“Normal” College Situations Aren’t So Normal When You Have Anxiety

How ‘normal’ students vs. anxious students react to different college experiences.

Anxiety is not something to joke about. Anxiety is not something to be casual about.

It’s true, everyone has anxiety every now and then. However, not everyone is actually diagnosed with chronic anxiety. As someone who is, let me tell you what it’s like to live with anxiety in college.

Gets a Bad Test Grade Back:

Normal Human: Oh, man! Didn’t do so well! I’ll talk to the teacher and try to bring it up.

Anxious Human: I’m so stupid. Oh, no, now everything is ruined. Now, I won’t get a good grade in the class. Now, I won’t graduate college. Now, I won’t get a job. I’ll be worthless. Why is the room getting smaller?

Something so minuscule like getting a bad grade can be devastating. It’s important to remember that people with anxiety often take everything more personally and seriously. Something like getting a bad grade would’ve been something that I had been thinking about since I turned in the assignment.

Finds Out About a Paper Due Tomorrow:

Normal Human: Oh, no! Better drink a red bull and head to the library!

Anxious Human: I can’t do this. This will never work. I have no idea where to start. I won’t have enough time. I’m going to fail. I can’t breathe. *Calls Mom*

When something like this is sprung on someone with anxiety, it projects them into an immediate state of panic. Having anxiety means needing a lot of time to process and plan things so that you know what to expect. Not knowing is terrifying.

Friends Making Plans to Go Out:

Normal Human: Yeah, I don’t care. I’ll go wherever the night takes me!

Anxious Human: So we’re going to dinner at 7:00? Why not 8:00? That way we’ll finish eating around 9:30, and then it’ll take us about 15 minutes to get to the bar, and 10 minutes in line, so we can be in the bar before 10:00. Remember, the cover is $5 tonight. How do I know? I called ahead. Yes, I also made our dinner reservation for 8:00. What time are we going home?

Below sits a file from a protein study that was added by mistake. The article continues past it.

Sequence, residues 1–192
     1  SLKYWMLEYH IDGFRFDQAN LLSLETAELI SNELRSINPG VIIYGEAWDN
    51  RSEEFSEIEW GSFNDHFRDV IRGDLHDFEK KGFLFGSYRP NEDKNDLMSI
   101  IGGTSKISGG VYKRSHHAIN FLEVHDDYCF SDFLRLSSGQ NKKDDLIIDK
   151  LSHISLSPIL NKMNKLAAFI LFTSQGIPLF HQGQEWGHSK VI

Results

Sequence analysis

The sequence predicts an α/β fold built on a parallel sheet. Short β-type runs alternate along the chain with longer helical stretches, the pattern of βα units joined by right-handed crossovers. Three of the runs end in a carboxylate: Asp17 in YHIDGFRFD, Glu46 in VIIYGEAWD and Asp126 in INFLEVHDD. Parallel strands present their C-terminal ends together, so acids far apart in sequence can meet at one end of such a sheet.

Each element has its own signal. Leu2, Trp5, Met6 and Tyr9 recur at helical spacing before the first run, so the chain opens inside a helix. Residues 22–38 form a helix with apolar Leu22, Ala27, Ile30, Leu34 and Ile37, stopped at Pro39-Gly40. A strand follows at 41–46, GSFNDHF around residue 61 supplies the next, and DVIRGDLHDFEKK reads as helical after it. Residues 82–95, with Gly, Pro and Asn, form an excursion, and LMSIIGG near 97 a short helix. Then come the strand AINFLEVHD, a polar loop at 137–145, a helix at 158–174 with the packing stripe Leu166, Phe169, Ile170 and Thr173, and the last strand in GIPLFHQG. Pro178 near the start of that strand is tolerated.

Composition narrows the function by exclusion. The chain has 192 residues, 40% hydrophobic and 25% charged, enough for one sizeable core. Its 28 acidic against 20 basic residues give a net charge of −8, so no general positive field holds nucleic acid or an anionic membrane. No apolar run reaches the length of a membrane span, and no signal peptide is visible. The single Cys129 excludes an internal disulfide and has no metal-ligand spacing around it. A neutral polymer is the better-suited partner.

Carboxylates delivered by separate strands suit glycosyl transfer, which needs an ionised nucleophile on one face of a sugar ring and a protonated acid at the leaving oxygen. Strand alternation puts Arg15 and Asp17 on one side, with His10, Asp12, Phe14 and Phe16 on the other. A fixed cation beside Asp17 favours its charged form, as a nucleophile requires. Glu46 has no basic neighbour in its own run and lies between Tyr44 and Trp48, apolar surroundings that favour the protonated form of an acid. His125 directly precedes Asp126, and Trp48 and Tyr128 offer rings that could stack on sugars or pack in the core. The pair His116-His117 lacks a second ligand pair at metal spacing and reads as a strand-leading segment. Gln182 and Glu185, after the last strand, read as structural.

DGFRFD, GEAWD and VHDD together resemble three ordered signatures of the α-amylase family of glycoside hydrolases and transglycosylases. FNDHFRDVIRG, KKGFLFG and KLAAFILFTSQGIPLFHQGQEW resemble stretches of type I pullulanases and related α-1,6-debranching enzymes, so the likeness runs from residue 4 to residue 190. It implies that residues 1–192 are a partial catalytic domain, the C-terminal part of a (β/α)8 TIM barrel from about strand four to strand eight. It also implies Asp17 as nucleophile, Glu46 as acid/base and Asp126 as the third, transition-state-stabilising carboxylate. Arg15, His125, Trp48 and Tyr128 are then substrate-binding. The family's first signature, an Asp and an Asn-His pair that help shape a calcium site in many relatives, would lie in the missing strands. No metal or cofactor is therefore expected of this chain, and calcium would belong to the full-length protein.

Planning is key with anxiety. Key.

Suspicious Chapter Meeting Called:

Normal Human: Hm, weird.

Anxious Human: Oh, no. We did something wrong. What if we get kicked off campus? What if we get yelled at? What if they bring in a real grown up to yell at us? Or maybe we did something good. Maybe we’ll get a surprise date party. Oh, no. I have no boys to ask. Oh, no. I have nothing to wear. Please let us be in trouble.

Again, not knowing is actually painful for someone with anxiety. Physically and mentally. It feels like you can’t breathe or concentrate on anything other than what you’re worrying about.


Normal Human: My friends will take care of it.

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Anxious Human: Everyone is totally going to forget. Should I make my mom call me so I can subtly remind them? Are they planning anything? If they’re actually planning something, I want to know what it is so I know what to wear. But wait, if they actually want to surprise me? That’s cute. But I need to know if they even remember. But I don’t want to blow my cover. Dilemma.

Birthdays in college are weird. In high school, everyone knew when it was your birthday. If your friends made you wear a “Birthday Princess” sash around school, it wasn’t even that weird. But in college, like maybe 10 people are aware of your birthday, and only because you told them about it. It is because of this that I listed this situation at all. Because birthdays are scary.

All in all, anxiety sucks. And it really sucks in college. My friends have to constantly remind me to breathe, to relax, and to calm down (even though the worst thing in the world is being told to calm down). Again, not everyone actually has anxiety. Everyone has anxiety about specific things, maybe. But not everyone suffers from the condition. Keep in mind that people do. Keep in mind that your friends might. Try not to be too hard on them, they’re trying their best, and at least you always know that for sure.

Laney Howard
Laney is a Student at the University of Alabama. She writes about her experiences with anxiety over on her page on The Odyssey Online.

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